Alex Anthopoulos front office WAA impact for Atlanta Braves: +5.6 games. Rank in MLB: 7. Rank in division: 2.
Since the conclusion of the 2022 postseason, Braves general manager Alex Anthopoulos brought a hefty 17 players to Atlanta in trades, waiver claims or cash purchases with other teams. That represents one of the most frenetic trade patterns in MLB.
Yet from a statistical standpoint, far and away the most productive thing Anthopoulos did concerned players who were already inside the Braves sphere. Four such decisions in particular stand out, and those four constitute the bulk of the reason why the Braves front office’s 2023 season was such a success.
First, he locked up third baseman and mid-order slugger Austin Riley for 10 seasons in a $212 million deal. Riley returned the favor with 37 home runs, 97 RBI, an .861 OPS and +3.7 Wins Above Average.
Second, he extended pitching phenom Spencer Strider through 2028 for $75 million. Strider returned that favor with a 20-5 record, a 3.86 ERA in 186 innings, 281 strikeouts and a 1.8 WAA.
Third, he extended young outfielder Michael Harris through 2030 at a total tab of $72 million. Harris justified that faith with a .293 average, an .808 OPS, and 1.7 WAA.
Fourth, he re-signed veteran pitcher Charlie Morton for the year and 30 starts with a perfectly functional 3.64 ERA. Morton was worth another +1.7 WAA.
WAA is used in this series of front office evaluations because it is a zero-based version of WAR, therefore enabling valid approximations of impact against wins and losses.
GMs often focus on the improvement of their team via external sources. Anthopoulos certainly did that, as witnessed by those 17 trade arrivals. Yet the net impact of all 17 of those trade acquisitions on the fate of the 2023 Braves only amounted to +0.8 games as measured by WAA. The net impact of the four extensions to players already in-house handed out by Anthopoulos alone amounted to +8.9 games.
The basic building block for improving your talent base (this goes for baseball, football, engineering, accounting or any other profession) begins with retaining the talent you already have.
By adding Riley, Harris and Strider to in-house players already under long-term contract (notably Ronald Acuna and Ozzie Albies), Anthopoulos not only secured the Braves’ 2023 success, but probably enhanced their profile in the years to come.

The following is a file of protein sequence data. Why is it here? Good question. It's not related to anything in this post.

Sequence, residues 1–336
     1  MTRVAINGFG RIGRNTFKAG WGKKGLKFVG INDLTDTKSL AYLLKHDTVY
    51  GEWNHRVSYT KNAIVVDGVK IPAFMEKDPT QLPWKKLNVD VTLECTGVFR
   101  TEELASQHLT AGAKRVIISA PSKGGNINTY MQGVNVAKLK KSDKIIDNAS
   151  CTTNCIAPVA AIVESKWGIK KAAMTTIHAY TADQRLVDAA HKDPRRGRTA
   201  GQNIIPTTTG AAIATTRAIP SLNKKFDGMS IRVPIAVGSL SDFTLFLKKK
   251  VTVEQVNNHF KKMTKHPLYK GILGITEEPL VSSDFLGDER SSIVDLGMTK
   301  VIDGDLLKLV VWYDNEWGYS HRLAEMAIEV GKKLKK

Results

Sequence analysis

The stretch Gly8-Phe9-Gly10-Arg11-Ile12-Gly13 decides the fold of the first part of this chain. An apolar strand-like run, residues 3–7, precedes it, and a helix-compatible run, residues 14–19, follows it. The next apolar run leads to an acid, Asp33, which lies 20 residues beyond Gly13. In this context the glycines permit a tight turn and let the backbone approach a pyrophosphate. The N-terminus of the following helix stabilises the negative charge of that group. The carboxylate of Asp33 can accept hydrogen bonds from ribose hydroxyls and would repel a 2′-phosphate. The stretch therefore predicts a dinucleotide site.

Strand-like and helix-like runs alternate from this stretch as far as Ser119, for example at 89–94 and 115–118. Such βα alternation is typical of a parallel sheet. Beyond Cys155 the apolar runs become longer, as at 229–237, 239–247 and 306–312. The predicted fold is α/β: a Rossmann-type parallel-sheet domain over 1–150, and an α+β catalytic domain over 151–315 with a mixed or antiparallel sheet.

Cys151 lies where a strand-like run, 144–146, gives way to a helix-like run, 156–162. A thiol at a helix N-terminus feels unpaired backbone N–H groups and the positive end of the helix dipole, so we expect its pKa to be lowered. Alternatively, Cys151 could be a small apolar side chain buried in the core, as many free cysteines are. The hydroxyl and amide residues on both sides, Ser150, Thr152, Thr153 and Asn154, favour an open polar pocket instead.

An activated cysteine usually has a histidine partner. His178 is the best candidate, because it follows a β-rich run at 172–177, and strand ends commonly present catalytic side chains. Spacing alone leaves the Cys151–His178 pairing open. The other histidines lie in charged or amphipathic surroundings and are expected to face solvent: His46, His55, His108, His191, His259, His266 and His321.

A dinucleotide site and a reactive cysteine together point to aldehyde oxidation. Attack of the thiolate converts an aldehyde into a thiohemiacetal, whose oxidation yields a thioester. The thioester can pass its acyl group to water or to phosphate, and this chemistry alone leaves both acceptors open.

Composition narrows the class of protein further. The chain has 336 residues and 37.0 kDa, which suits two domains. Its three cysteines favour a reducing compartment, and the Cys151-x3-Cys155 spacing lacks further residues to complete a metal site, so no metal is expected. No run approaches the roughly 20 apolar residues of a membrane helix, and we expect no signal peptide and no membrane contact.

Overall, the Anthopoulos front office made 44 personnel moves impacting a major league roster since the conclusion of the 2022 post-season. Seventeen of those moves helped the Braves, 22 were negative, and five had neutral value.
Here’s the full short-term and long-term statistical profile on the 2023 performance of the Anthopoulos front office. Again, all figures reflect group Wins Above Average.
Acquired by trade, waiver claim or purchase:
- Since October 2022, 16 players, +0.8 net impact
- Prior to October 2022, 6 players, +5.5 net impact
Signed as a free agent or extended for multiple seasons:
- Since October 2022, 10 players, +9.5 net impact
- Prior to October 2022, 9 players, +8.7 net impact
- Since October 2022, 7 players, -1.9 net impact
- Prior to October 2022, 6 players, +1.2 net impact
Traded away, waived, sold, released or lost to free agency
- Since October 2022, 12 players, -2.6 net impact
- Prior to October 2022, 19 players, -1.3 net impact
A few words about that profusion of trades. A handful were noteworthy, none more so than the December three-team trade with Oakland and Milwaukee that landed catcher Sean Murphy in Atlanta. Murphy’s .251 average didn’t do much, but his plus defense still made him a +2.5 WAA backstop.
Most of those deals unfolded in an ongoing search for bullpen support. Because relievers are so notoriously unreliable from season to season, it’s often a quixotic search, and that certainly was the case for Anthopoulos in 2023.
Of the 16 players Anthopoulos imported from other rosters this season, nine were relievers. Yet they only averaged about 20 innings apiece, only one (Joe Jimenez) worked more than 35 innings, and their net WAA amounted to -2.4 games.
So the search for the missing bullpen link occupied Anthopoulos rather incessantly but to little fruitful gain.
Atlanta’s farm system, in recent seasons a talent bonanza, didn’t yield much of value in 2023. Seven first-year players got a shot, but their net impact amounted to -1.9 WAA. That’s not uncommon for rookies, but it’s also not productive, which is why some GMs are so suspicious about farm system talent.
Moreover, five of the seven also worked out of the bullpen, meaning the Braves farm system in 2023 functioned largely as an extension of that quixotic search for relief help.
The principal exception in that respect was starter Jared Shuster. Making the team out of spring camp, Shuster had an up-and-down season (heavy on the downs) that included 11 big league starts encompassing 52 innings with a 5.81 ERA and -0.6 WAA.